As set out in my review Volpi’s narrator, Gustav Links, is saved from certain execution by the death of Judge Roland Fleisler through a bomb while the People’s Court was in session on
February 3, 1945. In real life Fleisler was killed in a
slightly less dramatic fashion by dying after adjourning court though there are
conflicting stories on whether it was from a falling beam or from a bomb
fragment outside the building. What was true is that one of conspirators in the
July assassination attempt of Hitler, Fabian von Schlabrendorff, was on trial that day and survived the war
because of Fleisler’s death.
Volpi acknowledges the American Alsos missions which sought out information on German scientific research during the war. He adds the twist of a scientific adviser to Hitler who operates under the pseudonym of Klingsor. There was no secret adviser. For much of the war Hitler relied on the recommendations of such men as Albert Speer whom he had made Minister of Armaments. There was far too much competition for power between competing leading Nazis for there to have been any secret adviser.
Volpi has Heisenberg justify working on the bomb for
when, in reality, as outlined in my post on Heisenberg’s
War he led German physicists in avoiding bomb development by stressing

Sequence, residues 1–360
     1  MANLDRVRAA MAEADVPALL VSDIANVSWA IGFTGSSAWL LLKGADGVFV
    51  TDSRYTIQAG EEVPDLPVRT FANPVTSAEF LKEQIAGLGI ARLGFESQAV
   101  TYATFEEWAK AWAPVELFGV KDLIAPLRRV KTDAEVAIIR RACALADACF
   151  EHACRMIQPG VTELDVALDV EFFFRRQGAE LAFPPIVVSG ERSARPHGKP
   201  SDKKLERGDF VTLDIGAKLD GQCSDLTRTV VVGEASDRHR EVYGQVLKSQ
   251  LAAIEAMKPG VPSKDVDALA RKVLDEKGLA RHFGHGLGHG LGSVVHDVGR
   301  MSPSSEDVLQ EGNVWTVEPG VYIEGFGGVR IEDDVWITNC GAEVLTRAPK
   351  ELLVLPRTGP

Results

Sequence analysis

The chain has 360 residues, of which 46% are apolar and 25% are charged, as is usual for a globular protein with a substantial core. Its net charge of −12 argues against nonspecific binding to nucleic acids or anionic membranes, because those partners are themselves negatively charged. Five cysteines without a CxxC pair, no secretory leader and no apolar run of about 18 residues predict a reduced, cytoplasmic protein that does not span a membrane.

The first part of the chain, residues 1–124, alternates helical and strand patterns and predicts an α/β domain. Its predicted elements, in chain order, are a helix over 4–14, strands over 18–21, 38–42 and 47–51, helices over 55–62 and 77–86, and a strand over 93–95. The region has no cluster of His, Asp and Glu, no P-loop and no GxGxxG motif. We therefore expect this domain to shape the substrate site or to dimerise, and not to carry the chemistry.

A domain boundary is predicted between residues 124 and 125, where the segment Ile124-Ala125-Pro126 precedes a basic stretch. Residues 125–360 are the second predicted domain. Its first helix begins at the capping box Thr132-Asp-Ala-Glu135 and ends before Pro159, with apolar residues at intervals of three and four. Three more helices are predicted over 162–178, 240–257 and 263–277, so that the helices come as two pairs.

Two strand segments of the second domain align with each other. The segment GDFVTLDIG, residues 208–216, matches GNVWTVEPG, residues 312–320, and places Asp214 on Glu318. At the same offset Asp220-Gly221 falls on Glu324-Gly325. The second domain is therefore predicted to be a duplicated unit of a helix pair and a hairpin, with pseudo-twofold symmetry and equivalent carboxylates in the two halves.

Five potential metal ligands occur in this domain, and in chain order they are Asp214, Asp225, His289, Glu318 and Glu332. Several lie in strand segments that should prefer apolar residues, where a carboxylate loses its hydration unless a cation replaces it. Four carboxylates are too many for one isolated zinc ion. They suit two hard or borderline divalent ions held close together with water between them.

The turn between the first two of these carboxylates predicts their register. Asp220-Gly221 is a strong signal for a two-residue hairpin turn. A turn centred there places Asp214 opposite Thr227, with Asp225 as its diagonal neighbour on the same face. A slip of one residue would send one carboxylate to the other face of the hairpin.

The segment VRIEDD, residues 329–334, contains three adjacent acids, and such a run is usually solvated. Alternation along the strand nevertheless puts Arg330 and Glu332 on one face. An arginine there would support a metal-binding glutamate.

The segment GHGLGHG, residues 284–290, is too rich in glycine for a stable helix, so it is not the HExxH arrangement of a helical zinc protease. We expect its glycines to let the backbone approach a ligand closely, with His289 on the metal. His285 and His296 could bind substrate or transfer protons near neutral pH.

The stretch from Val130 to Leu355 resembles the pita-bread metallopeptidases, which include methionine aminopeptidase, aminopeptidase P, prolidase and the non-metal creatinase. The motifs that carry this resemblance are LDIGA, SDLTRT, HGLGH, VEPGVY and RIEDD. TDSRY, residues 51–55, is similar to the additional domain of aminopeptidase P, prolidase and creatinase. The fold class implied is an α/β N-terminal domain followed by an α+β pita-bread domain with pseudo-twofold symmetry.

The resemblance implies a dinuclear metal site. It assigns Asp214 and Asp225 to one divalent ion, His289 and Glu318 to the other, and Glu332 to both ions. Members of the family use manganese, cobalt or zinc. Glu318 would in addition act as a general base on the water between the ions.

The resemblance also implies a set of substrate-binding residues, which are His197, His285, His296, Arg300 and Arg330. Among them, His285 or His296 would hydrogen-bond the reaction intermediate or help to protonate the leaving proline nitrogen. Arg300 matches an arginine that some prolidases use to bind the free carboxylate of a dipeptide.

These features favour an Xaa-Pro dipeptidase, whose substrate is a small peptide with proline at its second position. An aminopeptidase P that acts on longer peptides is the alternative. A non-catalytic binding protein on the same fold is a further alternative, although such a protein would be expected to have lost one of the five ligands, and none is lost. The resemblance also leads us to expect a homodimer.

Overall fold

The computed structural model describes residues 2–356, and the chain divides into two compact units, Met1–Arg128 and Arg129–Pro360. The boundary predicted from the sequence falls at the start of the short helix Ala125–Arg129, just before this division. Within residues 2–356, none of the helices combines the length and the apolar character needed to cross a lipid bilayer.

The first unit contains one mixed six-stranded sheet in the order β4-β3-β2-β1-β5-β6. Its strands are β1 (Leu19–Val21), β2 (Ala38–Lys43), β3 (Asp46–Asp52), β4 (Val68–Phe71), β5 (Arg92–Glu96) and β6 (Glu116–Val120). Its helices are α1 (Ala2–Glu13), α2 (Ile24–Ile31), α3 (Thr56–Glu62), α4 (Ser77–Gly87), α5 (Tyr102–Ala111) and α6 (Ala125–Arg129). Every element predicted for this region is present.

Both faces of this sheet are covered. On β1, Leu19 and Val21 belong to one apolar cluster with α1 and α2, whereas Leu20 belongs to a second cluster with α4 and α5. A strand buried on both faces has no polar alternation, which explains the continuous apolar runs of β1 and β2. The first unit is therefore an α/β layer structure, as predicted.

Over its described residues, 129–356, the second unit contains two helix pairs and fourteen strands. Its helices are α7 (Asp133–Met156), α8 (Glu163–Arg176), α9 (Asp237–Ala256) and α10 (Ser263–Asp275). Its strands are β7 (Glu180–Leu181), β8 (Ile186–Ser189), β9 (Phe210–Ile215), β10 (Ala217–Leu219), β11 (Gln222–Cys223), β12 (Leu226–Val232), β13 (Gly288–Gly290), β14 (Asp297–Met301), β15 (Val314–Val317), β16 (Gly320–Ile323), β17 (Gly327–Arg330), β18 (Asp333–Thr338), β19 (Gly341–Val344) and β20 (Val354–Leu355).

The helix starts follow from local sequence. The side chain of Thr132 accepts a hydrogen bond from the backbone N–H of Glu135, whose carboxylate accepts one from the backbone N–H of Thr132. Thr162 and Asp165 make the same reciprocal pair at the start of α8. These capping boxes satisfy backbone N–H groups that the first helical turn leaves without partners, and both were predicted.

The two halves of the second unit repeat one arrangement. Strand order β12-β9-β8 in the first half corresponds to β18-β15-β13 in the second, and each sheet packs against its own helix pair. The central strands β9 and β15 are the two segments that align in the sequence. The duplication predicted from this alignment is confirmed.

technical difficulties. Heisenberg clearly stated that they did not want to put
the bomb in Hitler’s hands. Germany
In the book Volpi then has Heisenberg dramatically reverse the accusation against him by saying it was the Allied physicists who actually developed the bomb and brought about the deaths of hundreds of thousands of people in
and Hiroshima .
There is no indication Heisenberg ever made such a statement. Nagasaki
Volpi posits there was a battle to make the bomb. There was no battle. The
invested huge resources to build a bomb. The Nazis puttered along contributing
enough for basic research that never progressed beyond a small reactor. U.S.
In the book Heisenberg is made into a bad guy to provide a worthy adversary for Bacon. In history he was the man who denied the Nazis the chance at the bomb.
I acknowledge the facts of history are not clear. There are conflicts over Heisenberg’s role. In Albert Speer – His Battle with the Truth by Gitta Sereny there is a Heisenberg more eager to develop the bomb than is portrayed than in Heisenberg’s War. Examining the respective accounts I found Heisenberg’s War more convincing.
At the end of the war Volpi adapts the secretly taped conversations of the 10 interned German physicists to have them assert their failure to progress on the development of the bomb was because they were denied funds by the mysterious Klingsor. In real life they never asked for the funding that would have let them try to develop the bomb.
In real life there would never have been a need after WW II to search for a Klingsor for, even if such an anonymous figure existed, the Allies and Soviets had swiftly searched out all the leading scientists of Germany and took them into protective (from each other) custody. The top 10 physicists were actually in American hands before the war ended.
I admire how Volpi used history as the foundation of his book and was intrigued by how he adjusted history to tell his story.